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Norman Rockwell by Christopher Finch

Norman Rockwell

By Christopher Finch
1 Contributor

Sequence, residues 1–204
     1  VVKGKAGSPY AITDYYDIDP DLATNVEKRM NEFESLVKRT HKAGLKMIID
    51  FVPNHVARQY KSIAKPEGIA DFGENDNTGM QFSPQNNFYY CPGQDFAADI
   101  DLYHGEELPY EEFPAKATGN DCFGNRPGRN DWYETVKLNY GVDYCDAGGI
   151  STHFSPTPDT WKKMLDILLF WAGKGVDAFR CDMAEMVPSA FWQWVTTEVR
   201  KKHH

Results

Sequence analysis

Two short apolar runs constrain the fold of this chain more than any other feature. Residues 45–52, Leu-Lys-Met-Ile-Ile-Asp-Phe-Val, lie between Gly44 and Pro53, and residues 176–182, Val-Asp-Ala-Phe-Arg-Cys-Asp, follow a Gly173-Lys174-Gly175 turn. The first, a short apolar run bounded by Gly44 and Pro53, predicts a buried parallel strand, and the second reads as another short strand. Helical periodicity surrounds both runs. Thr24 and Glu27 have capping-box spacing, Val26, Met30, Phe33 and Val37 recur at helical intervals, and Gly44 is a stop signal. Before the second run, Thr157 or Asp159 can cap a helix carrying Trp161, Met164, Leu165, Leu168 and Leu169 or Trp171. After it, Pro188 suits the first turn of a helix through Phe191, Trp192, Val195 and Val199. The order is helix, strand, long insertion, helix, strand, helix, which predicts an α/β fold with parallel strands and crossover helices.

At the outset of his career, Norman Rockwell was not the most likely candidate for long-term celebrity; he was just one of many skillful illustrators working within the conventions of the day. But there was something tenacious about his vision, and something uncanny about his access to the wellsprings of public taste. Although technically he was an academic painter, he had the eye of a photographer and, as he became a mature artist, he used this eye to give us a picture of America that was familiar-astonishingly so-and at the same time unique. It seems familiar because it was everyone's dream of America; and it was unique because only Rockwell managed to bring it to life with such authority. This was, perhaps, an America that never existed, but it was an America the public wanted to exist. And Rockwell put it together from elements that were there for everyone to see. Rockwell helped preserve American myths, but, more than that, he recreated them and made them palatable for new generations. His function was to reassure people, to remind them of old values in times of rapid change.

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